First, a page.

My Psilocybin Trip
A few years ago, I read an article about a depressed and anxious psychotherapist who took a guided psilocybin trip. He emerged from the experience considerably calmer and more capable of functioning, with the insight: Show up and be open. His experience made a deep impression on me, and I took on that phrase as my own mantra which has since eased me through a number of potentially anxiety-producing situations.
More recently, I read Michael Pollan’s book How to Change Your Mind, a comprehensive narrative about mind-altering drugs that includes a history of their development and use, as well as narratives of various people’s personal experiences, including his own.
Pollan reports that a high percentage of the people who have taken psilocybin trips count them as among the most significant and transformative experiences of their lives, akin to the birth of a baby. Some talked about encountering people they knew — dead relatives, or their children, or even other versions of themselves — and working out new understandings about those relationships. Some talked about losing their egos and becoming part of the universe. People facing death emerged feeling stripped of their anxieties and their fear of death, and almost everyone felt they had come to a deeper realization about the importance of love. After a single trip, many of them — most of them — felt significantly different for months and even years.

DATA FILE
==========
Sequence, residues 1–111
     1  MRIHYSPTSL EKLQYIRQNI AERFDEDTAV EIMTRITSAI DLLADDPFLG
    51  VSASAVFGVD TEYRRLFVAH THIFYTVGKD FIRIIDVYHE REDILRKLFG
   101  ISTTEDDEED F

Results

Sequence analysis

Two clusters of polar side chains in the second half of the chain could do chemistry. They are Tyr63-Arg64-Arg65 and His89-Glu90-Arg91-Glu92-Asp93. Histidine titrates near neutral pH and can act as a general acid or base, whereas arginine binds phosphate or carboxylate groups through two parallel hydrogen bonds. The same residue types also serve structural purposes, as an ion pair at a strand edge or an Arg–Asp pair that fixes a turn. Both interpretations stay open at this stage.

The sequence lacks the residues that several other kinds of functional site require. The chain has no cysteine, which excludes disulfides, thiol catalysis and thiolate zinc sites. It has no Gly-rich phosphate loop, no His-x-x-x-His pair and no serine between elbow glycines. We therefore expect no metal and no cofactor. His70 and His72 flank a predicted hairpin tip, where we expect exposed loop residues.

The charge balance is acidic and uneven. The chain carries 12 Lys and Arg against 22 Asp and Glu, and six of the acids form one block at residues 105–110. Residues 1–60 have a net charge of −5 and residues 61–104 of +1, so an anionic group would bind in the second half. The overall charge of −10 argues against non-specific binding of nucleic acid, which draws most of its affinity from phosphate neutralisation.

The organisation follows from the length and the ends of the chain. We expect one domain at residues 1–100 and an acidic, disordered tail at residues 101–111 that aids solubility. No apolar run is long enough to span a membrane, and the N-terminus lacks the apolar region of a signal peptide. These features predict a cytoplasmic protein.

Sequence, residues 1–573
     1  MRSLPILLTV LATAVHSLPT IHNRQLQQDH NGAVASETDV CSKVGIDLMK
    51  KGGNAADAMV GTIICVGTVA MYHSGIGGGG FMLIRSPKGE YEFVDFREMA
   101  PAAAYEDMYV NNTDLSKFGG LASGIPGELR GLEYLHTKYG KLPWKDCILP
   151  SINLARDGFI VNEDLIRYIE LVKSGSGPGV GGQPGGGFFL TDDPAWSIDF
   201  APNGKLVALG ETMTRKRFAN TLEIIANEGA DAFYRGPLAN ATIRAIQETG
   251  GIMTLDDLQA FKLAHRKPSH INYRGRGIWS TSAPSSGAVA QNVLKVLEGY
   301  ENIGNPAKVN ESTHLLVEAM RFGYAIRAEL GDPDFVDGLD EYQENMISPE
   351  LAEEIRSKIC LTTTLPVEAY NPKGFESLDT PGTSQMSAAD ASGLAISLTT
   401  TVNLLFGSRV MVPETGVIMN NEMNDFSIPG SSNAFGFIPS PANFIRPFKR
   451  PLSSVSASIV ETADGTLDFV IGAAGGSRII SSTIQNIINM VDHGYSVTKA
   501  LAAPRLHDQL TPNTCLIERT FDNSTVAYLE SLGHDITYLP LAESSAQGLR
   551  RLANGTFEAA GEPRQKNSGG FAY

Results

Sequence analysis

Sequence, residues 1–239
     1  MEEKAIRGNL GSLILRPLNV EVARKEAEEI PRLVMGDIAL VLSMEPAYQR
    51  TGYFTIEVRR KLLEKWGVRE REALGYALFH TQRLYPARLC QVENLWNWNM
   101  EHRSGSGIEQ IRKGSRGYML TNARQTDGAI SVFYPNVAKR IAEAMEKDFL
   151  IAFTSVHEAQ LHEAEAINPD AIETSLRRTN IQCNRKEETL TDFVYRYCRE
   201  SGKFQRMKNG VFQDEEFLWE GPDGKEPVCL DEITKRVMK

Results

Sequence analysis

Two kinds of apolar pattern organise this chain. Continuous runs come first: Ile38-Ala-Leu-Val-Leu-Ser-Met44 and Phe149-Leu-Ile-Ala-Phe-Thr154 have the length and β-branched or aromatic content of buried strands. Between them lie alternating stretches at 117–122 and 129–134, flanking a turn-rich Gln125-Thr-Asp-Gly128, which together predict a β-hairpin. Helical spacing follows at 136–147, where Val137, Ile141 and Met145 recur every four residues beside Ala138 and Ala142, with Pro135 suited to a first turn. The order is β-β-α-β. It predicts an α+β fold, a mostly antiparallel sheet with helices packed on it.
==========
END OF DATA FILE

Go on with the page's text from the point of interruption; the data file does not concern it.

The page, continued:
Eager to experience such insight and transformation as I travel the path to death, I decided I wanted to take a trip myself.
Despite having come of age in the later 1960s and 70s, I have never been an avid drug taker. I smoked a little marijuana back in college, but never have liked it much. I enjoyed some cocaine while working in film in New York in the 1980s. But unlike many in my generation, I have never tried a psychedelic drug. I was afraid that LSD or mushrooms would damage my brain irrevocably, and I was scared of having a “bad trip.” But now, with a terminal disease, I felt — feel — bolder. What do I have to lose? I ran the idea by my doctors who gave me the go ahead, and I found myself a guide who was willing to come to my house with the proper dosages, guide me through a trip, and spend the night for a debriefing the next day. I couldn’t wait for my day of enlightenment.